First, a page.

By Paul Afshar
What connects Facebook, the New York Times, jasmine flowers, and reincarnation?
It took me three years living in China to understand the answer. They are all banned by the Chinese state, with the exception of the latter which is only permitted if sanctioned by the country’s Communist Party. (Jasmine flowers, of course, representing the movement for democracy in Tunisia.)
There’s a simple beauty to understanding how the Chinese state manages information. And it is this — if it can’t be controlled, it is banned.
It was curious, therefore, to observe its PR machine’s palpable gear change ahead of President Xi Jinping’s visit this week.
The prologue began with Liu Xioaming, China’s Ambassador to the UK. Taking what some might argue was a “don’t mention the war” approach in advance of the trip, Liu issued the diktat that any issue was on the table. Just not THAT issue. Human rights. China would be “offended” if Cameron, Corbyn or, it would seem, any member of the British press called out the regime’s tragic record on the matter. And so the gauntlet was set.
In what appeared to be a carefully orchestrated love bombing campaign, a small cadre of commentators frothed to celebrate President Xi taking time out of his busy international schedule to bestow gifts on a small island called Britain.
On Monday the Financial Times ran no less than six full page adverts offering a “warm welcome” to our visiting dignitary. The Communist Party’s English language newspaper, China Daily, was handed out by smiling workers at all of London’s major tube stations. The Telegraph delivered a pull out supplement of the same paper featuring the important story of Ming, a panda who “helped lift London spirits” in 1937. Its back page carried an advert from a Chinese liquor brand stating “No distance can keep people with same goals and ideals apart. It’s an irresistible trend that we together create a flourishing era. May the friendship between UK and China be everlasting.” A tip to the copywriter; next time you spend thousands of pounds on newspaper advertising, don’t use Google Translate to verify your copy.
Fast forward to Xi’s arrival and we witness throngs of good looking Chinese students lining Pall Mall, replete with uniform red banners, reading “hello Xi Jinping” in Chinese, and thousands of five starred flags. It was the Guardian’s Peter Walker who spotted the “pro-China” lobby’s flags had arrived in boxes marked as “diplomatic cargo,” bearing China Southern Airline cargo labels.
Yet despite the BBC’s Laura Kuenssberg bravely attempting to ask THAT question, human rights were not raised directly with President Xi. He did not face any embarrassing inquiries into steel dumping, democratic reforms or why, indeed, his government continues to detain the 16-year-old son of a human rights lawyer, Bao Zhuo Xuan.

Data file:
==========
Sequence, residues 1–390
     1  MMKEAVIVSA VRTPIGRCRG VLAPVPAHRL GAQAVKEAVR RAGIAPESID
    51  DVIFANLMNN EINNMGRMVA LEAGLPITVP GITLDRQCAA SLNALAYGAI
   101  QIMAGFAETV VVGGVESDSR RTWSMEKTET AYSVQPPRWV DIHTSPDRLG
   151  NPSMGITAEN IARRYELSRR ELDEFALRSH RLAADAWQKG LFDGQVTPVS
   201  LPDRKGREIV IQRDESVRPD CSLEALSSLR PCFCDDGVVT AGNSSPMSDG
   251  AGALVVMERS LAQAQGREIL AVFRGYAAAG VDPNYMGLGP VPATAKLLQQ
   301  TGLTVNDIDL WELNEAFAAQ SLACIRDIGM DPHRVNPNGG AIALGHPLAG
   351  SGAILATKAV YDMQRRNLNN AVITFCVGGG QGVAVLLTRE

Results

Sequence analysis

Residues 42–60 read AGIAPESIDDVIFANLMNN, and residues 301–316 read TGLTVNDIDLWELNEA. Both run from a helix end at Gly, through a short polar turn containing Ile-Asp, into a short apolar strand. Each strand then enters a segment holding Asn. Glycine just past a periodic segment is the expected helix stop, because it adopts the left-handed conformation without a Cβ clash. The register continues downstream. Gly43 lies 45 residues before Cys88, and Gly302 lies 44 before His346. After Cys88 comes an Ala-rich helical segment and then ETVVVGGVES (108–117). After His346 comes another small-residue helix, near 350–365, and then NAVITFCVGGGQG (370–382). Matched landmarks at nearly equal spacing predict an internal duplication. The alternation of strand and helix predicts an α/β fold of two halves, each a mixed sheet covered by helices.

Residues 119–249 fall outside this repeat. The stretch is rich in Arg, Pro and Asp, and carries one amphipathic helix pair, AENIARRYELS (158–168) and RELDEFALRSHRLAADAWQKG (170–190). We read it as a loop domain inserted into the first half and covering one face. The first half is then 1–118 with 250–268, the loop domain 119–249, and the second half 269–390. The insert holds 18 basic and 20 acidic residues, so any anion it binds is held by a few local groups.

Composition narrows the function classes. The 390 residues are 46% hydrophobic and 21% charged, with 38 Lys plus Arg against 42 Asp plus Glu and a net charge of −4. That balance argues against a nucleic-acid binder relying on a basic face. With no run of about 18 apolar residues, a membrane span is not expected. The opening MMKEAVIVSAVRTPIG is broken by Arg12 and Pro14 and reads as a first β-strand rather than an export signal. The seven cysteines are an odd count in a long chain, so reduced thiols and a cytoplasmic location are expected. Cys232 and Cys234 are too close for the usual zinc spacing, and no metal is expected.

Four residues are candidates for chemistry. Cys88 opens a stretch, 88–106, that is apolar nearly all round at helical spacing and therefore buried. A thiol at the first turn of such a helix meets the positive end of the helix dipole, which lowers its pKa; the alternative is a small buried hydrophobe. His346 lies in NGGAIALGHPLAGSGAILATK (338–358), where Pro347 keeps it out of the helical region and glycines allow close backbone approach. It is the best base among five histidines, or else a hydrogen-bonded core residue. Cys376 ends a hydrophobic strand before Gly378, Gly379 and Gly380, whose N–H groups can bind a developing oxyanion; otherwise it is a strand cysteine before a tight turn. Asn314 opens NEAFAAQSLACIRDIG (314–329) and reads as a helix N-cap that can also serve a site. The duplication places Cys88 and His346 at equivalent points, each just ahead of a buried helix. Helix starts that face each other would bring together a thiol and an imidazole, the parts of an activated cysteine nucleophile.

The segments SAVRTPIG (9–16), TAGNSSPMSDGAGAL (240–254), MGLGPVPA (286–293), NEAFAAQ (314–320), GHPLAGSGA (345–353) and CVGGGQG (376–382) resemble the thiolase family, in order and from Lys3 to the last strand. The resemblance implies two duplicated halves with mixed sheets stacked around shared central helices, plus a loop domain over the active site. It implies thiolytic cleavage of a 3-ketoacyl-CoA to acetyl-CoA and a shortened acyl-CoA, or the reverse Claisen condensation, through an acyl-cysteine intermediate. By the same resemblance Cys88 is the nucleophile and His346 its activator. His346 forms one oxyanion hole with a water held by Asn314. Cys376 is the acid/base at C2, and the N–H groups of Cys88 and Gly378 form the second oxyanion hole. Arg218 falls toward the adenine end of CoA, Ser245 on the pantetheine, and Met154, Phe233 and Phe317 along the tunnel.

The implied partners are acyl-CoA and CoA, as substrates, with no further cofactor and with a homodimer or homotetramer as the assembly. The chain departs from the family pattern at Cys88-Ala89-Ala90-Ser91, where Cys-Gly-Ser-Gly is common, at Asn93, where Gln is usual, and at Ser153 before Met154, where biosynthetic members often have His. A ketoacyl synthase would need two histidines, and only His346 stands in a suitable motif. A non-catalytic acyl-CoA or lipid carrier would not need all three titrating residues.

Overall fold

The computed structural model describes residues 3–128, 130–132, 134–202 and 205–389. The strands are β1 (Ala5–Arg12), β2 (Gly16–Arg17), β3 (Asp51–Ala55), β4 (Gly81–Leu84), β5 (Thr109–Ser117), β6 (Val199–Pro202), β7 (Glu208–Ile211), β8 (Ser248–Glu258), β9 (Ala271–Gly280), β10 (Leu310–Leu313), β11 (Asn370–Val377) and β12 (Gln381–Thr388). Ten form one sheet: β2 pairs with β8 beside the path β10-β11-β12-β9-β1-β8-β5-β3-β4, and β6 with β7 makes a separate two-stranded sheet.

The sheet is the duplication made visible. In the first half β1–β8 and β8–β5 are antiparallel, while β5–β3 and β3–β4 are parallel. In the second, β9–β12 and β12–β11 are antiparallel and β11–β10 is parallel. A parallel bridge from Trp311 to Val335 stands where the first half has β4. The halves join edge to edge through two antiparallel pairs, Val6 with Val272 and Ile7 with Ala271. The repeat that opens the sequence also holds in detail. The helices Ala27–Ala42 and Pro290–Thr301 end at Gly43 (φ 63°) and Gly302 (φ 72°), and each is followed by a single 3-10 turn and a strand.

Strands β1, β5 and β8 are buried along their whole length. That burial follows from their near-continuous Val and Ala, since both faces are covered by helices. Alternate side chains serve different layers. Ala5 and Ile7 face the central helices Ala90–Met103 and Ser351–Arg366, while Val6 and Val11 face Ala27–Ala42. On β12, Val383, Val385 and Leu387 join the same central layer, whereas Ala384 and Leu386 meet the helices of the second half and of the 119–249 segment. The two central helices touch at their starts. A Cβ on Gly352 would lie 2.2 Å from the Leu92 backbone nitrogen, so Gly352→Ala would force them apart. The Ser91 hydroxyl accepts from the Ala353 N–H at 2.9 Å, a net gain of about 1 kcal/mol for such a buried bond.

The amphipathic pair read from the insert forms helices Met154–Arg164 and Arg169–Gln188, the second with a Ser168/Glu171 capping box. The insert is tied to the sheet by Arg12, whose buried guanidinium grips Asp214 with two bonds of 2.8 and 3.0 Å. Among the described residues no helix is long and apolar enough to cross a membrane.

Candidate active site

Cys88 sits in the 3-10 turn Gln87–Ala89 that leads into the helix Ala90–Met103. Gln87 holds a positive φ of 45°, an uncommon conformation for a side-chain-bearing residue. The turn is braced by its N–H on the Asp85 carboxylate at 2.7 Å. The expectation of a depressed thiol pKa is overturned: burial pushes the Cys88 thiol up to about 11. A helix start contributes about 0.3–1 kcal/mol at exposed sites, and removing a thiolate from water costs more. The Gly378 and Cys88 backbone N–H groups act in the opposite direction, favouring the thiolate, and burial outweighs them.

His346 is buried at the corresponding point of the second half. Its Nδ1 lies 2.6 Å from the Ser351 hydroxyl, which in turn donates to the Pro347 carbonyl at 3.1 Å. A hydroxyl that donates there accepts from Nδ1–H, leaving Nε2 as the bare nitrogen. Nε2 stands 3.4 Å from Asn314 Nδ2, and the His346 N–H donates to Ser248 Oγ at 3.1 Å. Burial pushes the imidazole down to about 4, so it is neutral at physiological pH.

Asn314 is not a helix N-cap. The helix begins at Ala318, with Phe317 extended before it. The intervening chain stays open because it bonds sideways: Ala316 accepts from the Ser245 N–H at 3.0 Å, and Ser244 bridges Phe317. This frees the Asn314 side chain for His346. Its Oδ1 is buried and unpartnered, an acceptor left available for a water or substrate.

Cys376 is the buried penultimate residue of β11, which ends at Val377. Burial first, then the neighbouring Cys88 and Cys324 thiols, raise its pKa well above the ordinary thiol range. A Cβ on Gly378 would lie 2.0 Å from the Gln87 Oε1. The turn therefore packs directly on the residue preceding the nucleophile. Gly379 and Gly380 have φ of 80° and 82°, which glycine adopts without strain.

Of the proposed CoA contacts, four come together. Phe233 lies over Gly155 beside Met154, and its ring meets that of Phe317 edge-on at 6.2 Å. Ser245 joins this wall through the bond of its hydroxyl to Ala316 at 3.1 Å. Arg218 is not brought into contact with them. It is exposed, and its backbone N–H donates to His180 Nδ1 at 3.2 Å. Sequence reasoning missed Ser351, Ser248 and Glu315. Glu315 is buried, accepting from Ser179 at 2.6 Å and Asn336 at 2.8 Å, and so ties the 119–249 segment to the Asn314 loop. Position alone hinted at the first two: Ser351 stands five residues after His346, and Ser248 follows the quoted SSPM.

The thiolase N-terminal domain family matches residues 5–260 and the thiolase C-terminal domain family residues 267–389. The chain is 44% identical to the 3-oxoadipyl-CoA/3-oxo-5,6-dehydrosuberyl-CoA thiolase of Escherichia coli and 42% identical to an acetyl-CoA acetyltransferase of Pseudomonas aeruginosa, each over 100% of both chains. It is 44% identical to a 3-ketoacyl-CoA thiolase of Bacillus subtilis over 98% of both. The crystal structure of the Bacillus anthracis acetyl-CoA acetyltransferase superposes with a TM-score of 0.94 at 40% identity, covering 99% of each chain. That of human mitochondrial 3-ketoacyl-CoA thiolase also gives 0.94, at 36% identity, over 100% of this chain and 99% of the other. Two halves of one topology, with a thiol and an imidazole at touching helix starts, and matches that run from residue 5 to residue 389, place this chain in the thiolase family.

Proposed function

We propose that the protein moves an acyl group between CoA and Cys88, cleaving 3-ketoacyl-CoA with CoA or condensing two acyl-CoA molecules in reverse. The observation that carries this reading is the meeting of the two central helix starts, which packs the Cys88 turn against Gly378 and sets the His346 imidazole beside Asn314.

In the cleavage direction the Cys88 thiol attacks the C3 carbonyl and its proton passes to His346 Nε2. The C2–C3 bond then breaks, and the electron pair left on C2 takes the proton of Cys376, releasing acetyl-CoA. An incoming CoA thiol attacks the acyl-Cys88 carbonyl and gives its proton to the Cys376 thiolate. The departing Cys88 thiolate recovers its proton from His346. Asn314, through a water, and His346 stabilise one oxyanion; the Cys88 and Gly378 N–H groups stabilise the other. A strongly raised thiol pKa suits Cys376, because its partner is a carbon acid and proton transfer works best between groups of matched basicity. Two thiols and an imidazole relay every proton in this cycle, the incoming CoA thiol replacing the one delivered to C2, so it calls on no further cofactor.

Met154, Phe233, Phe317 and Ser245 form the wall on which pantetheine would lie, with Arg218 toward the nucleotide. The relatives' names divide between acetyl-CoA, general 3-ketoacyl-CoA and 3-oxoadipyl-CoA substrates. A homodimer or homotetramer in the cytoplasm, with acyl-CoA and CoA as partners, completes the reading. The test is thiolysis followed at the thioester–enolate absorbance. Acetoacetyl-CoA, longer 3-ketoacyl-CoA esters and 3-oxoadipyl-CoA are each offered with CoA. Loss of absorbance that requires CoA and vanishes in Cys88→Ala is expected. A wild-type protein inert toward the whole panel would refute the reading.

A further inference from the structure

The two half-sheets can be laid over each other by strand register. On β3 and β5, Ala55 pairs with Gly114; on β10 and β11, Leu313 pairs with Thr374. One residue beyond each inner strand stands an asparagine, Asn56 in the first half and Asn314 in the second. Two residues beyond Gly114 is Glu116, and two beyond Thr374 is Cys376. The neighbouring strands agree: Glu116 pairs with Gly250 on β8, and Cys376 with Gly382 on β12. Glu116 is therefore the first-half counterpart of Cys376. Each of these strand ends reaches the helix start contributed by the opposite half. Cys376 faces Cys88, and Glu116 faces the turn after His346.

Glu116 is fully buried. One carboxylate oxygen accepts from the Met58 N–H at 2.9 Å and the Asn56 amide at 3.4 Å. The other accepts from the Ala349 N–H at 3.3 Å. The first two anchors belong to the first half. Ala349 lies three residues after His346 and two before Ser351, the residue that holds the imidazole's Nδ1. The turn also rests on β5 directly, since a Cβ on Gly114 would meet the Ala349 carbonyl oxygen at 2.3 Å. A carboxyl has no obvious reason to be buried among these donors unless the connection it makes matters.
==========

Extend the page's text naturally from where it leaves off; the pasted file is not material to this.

Quite the opposite. Xi was welcomed, hailed in fact. A sort of Pablo Escobar figure handing fists of cash to the poor in Medellin (read Britain) to secure their loyalty. It was a victory for the Chinese PR machine, but a Pyrrhic victory at that.
This triumph of presentation cannot and should not be marked as one of message, nor of engagement.
In China there are two ways to get what you want to say heard. The first is through controlling the organs of the media, which President Xi’s government does. The second is through the hong bao, a red envelope in which cash is presented to journalists in return for the scripting of favorable stories. Although a decreasing practice, in the Middle Kingdom the latter is called PR. We in the UK might diplomatically call it advertising.
And herein lies the rub. The same approach seems to have been applied for President Xi’s visit. Throw enough cash at the problem and you’ll make it go away. Carefully stage-manage the event through white tie dinners and Vuvuzelas, and you’ll drown out dissent.
It may seem contrite, awfully cynical in fact, to talk about a “PR lesson” from this episode when prisoners languish in Chinese black jails for crimes of conscience. In fact the lesson is not for Xi’s government, for I have no doubt that it cares little on this front. It is for the individual or agency that presumably advised them on this trip. Ours is a country where, I hope, the argument is won not through papering over the cracks with expensive broadsheet adverts, but through engagement and dialogue.
Those three years in China taught me one simple truth. There, when you can’t distract from the problem or issue, you pay for it to go away. Not here.
Paul Afshar ran a successful e-commerce startup in China, selling it last year to return to the UK. He now consults for corporations looking to improve their reputation in the region. He can be contacted @paulrezaafshar